The evidence most favorable to the plaintiff was as follows: The plaintiff on March 21, 1960, was an invitee in the defendant's store. On leaving the store she approached a set of swinging glass doors. She put her right hand on the right hand door and started to push it open. Hearing footsteps, she thought someone was going through the door behind her. The sound of the footsteps receded and she "took her hand off the door and as she did the door whipped her hand back [and] smashed it right back against the second door." After receiving treatment at the defendant's dispensary, the plaintiff went back to look at the doors and she noticed that the door she had attempted to go through was "not flush" and was "open about . . . one and a half to two inches all the way down." The defendant's motion for a directed verdict, which was denied subject to exception, ought to have been granted. That the door was not flush, as the plaintiff testified, does not tend to establish that this condition was a cause of the accident; it could just as well have happened because the plaintiff did not take her hand away in time. The plaintiff's case is not strengthened by evidence, admitted subject to the defendant's exceptions, that the plaintiff observed the door three weeks before the accident and it "wasn't flush" and "wasn't hung right," and that an inspection of the door by her shortly before the trial revealed that the "doors were all flush." Since the result would be the same, we need not pass on the admissibility of this evidence.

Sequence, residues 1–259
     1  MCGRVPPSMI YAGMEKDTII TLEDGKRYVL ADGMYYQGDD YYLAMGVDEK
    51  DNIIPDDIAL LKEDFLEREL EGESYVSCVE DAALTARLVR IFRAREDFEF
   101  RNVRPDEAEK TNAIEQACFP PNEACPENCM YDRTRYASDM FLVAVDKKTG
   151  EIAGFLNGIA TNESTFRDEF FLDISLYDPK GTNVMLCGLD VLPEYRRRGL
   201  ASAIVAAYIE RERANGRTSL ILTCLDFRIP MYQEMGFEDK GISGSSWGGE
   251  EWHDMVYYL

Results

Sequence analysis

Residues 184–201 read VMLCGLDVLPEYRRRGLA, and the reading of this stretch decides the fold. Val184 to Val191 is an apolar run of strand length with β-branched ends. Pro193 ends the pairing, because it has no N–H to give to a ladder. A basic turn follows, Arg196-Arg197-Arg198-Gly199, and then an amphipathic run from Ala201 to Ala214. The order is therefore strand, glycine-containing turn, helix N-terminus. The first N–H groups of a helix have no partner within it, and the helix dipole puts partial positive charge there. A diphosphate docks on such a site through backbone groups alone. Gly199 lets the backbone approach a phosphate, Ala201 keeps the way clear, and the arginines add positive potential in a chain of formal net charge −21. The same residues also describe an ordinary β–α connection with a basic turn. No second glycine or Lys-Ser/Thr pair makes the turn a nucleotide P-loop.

Judgment for the defendant.
This is an appeal from a final decree of the Superior Court annulling a decision of the board of appeals of the city of Fall River which granted a variance for the construction of a gasoline service station on land in a general residential zoning district. The trial judge ruled that the board "fails to state the existence of each of the prerequisites to the granting of a variance." G. L. c. 40A, Section 15. We agree and see no need to repeat the legal principle involved in this case. Barnhart v. Board of Appeals of Scituate, 343 Mass. 455 .